Best Advice Every 18-20 Year Old Starting A Business Needs To Hear | Interview w/Jorge Pelayo

Matt: What’s cracking everybody. Matt Sapaula here, hailing to you from the money-smart movement headquarters here in Illinois. And my guest today is my good friend and business partner, Mr. Jorge Pelayo. How’re you doing Jorge?

Jorge: Brother! I’m excited today, excited about the episode.

Matt: If you’re in your late teens or early twenties, you’ve got to check out today’s episode, especially in the midst of a pandemic where millions are filing for unemployment. Back in the day, I was an Olive Garder server and Jorge used to be a Red Lobster server. We are both former restaurant employees. Jorge, you started entrepreneurship when you were 18 years old. Take us back to what you were thinking.

Jorge: I was looking for the fastest way to get to my dream life. I wanted to travel the world, take care of my parents, buy them a home, buy a nice car, have some money in the bank, and things like this. I think the things I liked the most about entrepreneurship was the control of time, the fact that you are deciding what you want to do, how you want to do it, getting away from having to do something even if you don’t want to, getting away from a schedule and a boss! I think we all want that.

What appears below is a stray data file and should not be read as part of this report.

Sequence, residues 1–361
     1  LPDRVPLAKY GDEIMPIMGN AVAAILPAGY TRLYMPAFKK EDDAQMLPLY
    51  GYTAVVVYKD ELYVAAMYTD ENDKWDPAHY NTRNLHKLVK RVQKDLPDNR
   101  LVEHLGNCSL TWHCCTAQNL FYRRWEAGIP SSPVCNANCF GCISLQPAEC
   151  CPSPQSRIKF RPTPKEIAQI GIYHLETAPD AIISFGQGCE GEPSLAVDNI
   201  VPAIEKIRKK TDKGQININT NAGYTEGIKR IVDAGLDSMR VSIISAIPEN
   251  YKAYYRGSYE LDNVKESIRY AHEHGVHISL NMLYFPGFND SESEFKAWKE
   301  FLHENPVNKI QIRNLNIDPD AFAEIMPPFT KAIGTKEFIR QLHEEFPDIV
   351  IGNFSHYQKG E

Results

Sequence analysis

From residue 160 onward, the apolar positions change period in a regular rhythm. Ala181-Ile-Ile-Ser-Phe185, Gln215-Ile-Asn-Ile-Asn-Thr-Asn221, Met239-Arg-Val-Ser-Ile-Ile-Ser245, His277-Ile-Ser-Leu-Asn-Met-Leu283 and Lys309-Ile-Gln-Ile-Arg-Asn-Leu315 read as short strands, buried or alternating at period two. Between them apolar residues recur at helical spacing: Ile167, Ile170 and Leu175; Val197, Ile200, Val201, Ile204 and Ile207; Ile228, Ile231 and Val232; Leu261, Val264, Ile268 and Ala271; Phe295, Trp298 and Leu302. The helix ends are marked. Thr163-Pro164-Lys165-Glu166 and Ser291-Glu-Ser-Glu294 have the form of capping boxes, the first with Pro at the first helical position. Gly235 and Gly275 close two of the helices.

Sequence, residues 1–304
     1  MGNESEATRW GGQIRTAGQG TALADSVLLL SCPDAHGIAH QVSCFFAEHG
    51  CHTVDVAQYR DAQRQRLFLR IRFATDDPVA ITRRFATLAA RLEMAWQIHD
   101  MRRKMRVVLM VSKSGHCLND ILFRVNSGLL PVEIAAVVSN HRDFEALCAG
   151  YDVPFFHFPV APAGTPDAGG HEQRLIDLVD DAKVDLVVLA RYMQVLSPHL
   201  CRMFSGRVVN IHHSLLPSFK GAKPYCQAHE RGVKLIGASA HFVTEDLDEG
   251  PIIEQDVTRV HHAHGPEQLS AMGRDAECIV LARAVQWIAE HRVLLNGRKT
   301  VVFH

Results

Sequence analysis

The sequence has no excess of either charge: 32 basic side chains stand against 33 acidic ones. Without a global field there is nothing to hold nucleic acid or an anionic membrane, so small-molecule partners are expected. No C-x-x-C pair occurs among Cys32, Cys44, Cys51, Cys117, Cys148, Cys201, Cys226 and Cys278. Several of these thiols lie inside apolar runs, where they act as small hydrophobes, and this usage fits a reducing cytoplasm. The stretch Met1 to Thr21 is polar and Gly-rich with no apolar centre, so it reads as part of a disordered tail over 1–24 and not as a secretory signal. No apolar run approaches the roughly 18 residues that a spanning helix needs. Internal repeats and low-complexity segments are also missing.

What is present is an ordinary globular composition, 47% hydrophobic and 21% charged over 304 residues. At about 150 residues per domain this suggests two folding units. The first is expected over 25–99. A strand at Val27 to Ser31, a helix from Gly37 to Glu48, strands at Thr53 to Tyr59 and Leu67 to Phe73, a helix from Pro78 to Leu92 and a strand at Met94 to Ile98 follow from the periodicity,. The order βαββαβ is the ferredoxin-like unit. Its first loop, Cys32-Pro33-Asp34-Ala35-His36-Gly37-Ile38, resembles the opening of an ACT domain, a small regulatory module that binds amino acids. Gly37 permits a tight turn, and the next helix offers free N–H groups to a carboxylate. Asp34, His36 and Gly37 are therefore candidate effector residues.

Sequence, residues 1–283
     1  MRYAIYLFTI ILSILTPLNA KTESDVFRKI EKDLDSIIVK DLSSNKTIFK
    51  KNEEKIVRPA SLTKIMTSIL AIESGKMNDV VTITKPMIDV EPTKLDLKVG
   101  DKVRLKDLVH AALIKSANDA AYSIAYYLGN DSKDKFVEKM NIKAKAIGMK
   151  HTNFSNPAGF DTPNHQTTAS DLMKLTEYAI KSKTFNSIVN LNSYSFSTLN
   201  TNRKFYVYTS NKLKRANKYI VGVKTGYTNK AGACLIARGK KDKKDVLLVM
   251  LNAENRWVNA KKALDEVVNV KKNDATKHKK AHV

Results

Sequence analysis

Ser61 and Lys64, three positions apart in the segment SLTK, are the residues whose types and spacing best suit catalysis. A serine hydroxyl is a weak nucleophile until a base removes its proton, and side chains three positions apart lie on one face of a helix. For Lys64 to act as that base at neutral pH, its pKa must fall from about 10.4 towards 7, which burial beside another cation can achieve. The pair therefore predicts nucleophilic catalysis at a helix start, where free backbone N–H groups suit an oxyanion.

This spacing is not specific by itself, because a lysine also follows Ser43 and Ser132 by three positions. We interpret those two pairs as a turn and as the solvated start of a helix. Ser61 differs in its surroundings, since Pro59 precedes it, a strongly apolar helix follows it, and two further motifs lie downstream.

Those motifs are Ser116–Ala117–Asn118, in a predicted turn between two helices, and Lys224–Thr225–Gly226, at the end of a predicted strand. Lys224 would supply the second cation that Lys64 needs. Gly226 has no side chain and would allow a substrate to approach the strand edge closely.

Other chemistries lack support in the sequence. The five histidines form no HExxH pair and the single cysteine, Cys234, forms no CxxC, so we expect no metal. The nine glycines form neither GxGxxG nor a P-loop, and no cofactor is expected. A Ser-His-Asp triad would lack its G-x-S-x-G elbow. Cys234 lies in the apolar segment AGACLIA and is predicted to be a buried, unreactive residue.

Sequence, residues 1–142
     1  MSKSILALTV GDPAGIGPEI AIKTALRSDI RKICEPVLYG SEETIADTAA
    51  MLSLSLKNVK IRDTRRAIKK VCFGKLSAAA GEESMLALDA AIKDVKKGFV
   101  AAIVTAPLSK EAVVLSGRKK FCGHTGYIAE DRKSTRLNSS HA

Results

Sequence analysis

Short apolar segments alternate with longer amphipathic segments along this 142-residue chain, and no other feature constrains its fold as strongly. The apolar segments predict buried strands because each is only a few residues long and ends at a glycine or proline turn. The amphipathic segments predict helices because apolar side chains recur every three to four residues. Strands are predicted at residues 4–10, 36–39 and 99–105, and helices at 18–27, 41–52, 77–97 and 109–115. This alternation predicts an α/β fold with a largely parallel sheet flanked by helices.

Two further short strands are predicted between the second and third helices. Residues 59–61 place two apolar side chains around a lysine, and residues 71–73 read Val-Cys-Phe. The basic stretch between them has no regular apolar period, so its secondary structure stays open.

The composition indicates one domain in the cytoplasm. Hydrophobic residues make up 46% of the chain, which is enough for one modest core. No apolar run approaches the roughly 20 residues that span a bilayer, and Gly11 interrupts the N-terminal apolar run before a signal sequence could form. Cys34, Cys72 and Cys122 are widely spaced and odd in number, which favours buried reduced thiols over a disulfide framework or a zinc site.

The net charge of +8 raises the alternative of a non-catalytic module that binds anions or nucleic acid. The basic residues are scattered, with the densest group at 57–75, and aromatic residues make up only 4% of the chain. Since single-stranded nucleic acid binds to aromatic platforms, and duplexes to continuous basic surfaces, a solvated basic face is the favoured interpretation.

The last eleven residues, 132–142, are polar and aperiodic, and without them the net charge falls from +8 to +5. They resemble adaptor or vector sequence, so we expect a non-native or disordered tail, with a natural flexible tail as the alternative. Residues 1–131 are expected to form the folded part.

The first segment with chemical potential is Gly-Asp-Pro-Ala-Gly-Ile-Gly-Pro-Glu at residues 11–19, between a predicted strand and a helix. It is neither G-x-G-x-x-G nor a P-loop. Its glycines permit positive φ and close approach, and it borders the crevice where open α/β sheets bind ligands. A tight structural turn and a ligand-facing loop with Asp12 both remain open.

Matt: What were the first few roadblocks you faced when you started off?

Jorge: I think I overestimated everybody’s receptiveness. I thought everyone would be excited for me, and interested in joining my team. I quit my job before even getting a license. I really overestimated my ability and underestimated the work that is needed. I also realized what a small percentage of people actually make good financial decisions and how very few people actually want to do the work that is necessary to become wealthy.

Matt: So, what were the biggest mistakes you faced in sales as a young entrepreneur?

Jorge: I think the first thing I had to overcome was consistency, in terms of being consistent in my effort every single day. Another important one was emotional maturity. I had to change the way I saw things, I learned to have more faith in the process.

Matt: So, when you’re coaching new entrepreneurs, what jacks you up?

Jorge: I think the hunger factor is the number one for me. It’s quite simple really. If a student is hungry to learn, the teacher will be hungry to teach. So, a student mentality is really important. The second factor I would say that is most important is humility. It’s a very attractive quality in people. Even if you are at a certain level, you can always learn from people around you. It doesn’t matter if they are just getting started. There is always something you can learn from other people and you need to have the humility to do so. In fact, Socrates said, “All I know is that I know nothing at all.